Editorial — The nature of climate change

It should be obvious to all of us by now that Mother Nature is fighting back.

After years of watching carbon emissions foul the air, years of logging in rainforests, of covering grasslands with concrete and removing mountain tops to reach the coal inside, it seems Mother Nature has had enough of mankind’s tomfoolery.

According to a July 2014 study by the Geneva-based World Meteorological Organization and reported by the Guardian newspaper in London, the world “is nearly five times as dangerous and disaster prone as it was in the 1970s.”

Why? “Because of the increasing risks brought by climate change,” the report concludes.

That same report noted that in the first decade of the 21st century, 3,496 natural disasters — from floods, storms, droughts and heat waves — were chronicled by the world’s meteorologists and environmental scientists. “That was nearly five times as many disasters as the 743 catastrophes reported during the 1970s,” the report said, adding that “all of those weather events are influenced by climate change.”

“The bottom line,” said the report, is that “natural disasters are occurring nearly five times as often as they were in the ’70s, but some disasters, such as floods and storms, pose a bigger threat than others.” And heat waves, the report said, “are an emerging killer.”

Heat waves didn’t even register as a threat in the 1970s, the scientists said, but by 2010 they were one of the leading causes of deaths among natural disasters, along with storms such as tornadoes and hurricanes. In Russia alone in 2010, more than 55,000 people died during a heat wave, according to the Geneva organization, the Associated Press, CNN and other sources. Storms, drought, flooding and the resulting famines in some parts of the world have emerged as big killers, too.

And the changes in the climate don’t appear to be going away anytime soon.

Just last week, South Dakota reported a six-inch snowfall, the earliest in the state’s history. The summer of 2013 saw 750 die of heat-wave related causes in Chicago alone.

Yet politicians and some media pundits still want to debate the causes; some even continue to deny that anything untoward is happening to our atmosphere, our oceans, our land and our groundwater.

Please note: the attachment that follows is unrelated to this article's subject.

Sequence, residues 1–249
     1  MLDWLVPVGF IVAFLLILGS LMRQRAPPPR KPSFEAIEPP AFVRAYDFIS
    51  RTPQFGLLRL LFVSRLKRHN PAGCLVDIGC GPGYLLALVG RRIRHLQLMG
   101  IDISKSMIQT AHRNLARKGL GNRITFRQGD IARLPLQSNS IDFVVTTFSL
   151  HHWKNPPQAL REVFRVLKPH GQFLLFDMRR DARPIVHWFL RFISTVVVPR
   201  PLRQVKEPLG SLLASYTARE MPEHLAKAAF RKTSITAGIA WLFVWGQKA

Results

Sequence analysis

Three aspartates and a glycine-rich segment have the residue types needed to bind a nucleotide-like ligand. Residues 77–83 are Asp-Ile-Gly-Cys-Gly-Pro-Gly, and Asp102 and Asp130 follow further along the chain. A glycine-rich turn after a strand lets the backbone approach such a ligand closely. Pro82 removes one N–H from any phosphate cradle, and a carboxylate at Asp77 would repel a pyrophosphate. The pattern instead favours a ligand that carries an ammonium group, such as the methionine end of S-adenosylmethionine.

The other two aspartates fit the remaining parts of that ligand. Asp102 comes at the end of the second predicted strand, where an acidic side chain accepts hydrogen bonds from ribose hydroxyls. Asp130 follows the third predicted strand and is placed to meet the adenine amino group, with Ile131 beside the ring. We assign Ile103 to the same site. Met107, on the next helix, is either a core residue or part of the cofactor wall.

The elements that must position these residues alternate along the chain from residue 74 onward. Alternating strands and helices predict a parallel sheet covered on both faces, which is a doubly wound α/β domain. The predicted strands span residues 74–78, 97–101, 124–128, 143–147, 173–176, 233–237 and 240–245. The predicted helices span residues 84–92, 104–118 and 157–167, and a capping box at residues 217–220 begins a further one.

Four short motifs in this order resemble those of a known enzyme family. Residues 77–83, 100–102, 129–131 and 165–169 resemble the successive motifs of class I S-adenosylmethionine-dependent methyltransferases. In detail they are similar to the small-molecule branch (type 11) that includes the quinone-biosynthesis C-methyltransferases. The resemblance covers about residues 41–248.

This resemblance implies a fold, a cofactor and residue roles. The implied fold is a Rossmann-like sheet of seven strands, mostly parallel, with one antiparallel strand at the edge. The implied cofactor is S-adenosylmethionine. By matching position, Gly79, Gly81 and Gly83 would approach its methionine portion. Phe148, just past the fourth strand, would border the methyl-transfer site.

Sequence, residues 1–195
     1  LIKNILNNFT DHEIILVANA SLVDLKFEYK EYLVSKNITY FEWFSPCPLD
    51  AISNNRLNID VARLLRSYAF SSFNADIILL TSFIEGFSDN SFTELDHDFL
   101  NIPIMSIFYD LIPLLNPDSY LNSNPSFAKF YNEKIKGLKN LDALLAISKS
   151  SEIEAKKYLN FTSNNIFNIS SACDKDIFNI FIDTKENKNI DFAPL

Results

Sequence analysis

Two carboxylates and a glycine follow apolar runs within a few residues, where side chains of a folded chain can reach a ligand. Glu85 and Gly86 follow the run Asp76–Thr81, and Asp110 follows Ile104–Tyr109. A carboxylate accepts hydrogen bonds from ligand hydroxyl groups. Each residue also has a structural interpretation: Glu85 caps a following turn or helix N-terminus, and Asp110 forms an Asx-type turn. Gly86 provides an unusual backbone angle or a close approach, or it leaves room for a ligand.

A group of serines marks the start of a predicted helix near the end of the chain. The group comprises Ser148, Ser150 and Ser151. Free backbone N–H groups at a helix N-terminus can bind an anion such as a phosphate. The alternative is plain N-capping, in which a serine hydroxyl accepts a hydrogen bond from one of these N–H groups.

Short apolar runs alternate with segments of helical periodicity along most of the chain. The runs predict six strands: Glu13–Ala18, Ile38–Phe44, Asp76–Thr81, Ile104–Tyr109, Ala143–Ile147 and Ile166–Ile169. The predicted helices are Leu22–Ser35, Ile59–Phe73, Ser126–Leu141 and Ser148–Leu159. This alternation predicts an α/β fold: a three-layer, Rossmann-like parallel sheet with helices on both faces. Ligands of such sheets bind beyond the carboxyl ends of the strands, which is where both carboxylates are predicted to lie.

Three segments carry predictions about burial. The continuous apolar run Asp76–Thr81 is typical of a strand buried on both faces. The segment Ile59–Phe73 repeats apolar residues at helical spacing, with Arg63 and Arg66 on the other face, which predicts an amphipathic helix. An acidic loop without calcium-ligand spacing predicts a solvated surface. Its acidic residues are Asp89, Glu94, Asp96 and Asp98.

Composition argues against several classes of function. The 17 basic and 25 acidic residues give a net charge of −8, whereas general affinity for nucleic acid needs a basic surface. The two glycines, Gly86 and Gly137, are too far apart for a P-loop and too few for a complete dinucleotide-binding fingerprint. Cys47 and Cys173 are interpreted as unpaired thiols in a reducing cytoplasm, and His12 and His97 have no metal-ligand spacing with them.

Some are being fools when it comes to the future of our planet. But the Catholic Church has been a leading voice pointing out our lack of stewardship of the earth, of this jewel of a planet that God gave to us to love and protect for future generations.

In fact, just this past May Pope Francis said that polluting or destroying the environment is akin to telling God that we don’t like the place he created for us, a place that God proclaimed “to be good after every stage of creation,” the pope said.

Speaking to a general audience May 21, and reported by the Catholic News Service (CNS), Pope Francis said the destruction of our planetary home “is to say to God, ‘I don’t like it.’ ”

On the other hand, he said, safeguarding the earth is a gift to God.

“This must be our attitude toward creation: safeguarding it. If not, if we destroy creation, creation will destroy us. Don’t forget that.”

Mother Nature apparently isn’t about to let us forget.

The pope isn’t the only Catholic to see what’s happening to the environment. Earlier this summer, the chairmen of two U.S. Conference of Catholic Bishops’ committees offered their support for national standards to reduce carbon pollution from power plants “in an effort to limit climate change,” CNS reported.

Archbishop Thomas G. Wenski of Miami, chairman of the Committee on International Justice and Peace, and Bishop Richard E. Pates of Des Moines, Iowa, chairman of the Committee on Domestic Justice and Human Development, had their letter supporting the standards read at an Environmental Protection Agency hearing in Washington on July 30.

“We support a national standard to reduce carbon pollution and recognize the important flexibility given to states in determining how best to meet these goals,” the letter said. “Too frequently we observe the damaging impacts from climate-related events in the U.S. and across the globe, particularly on poor and vulnerable communities,” the bishops wrote. “We know that the communities served by Catholic Relief Services are already experiencing tragic consequences of climate change.”

The bishops noted that limited access to water, reduced crop yields, more widespread disease, more frequent and intense droughts and storms … “are all making the lives of the world’s poorest people more precarious.”

In other words, they’ve noticed what scientists around the world have been reporting — we’re slowly but surely killing our home. There are some scientists who believe it is already too late to stop the degradation of the earth.

Perhaps an editorial in the National Catholic Reporter last spring said it best.

“If there is a certain wisdom in the pro-life assertion that other rights become meaningless if the right to life is not upheld,” the editorial said, “then it is reasonable to assert that the right to life has little meaning if the earth is destroyed to the point where life becomes unsustainable.”

Glenn Rutherford
Record Editor

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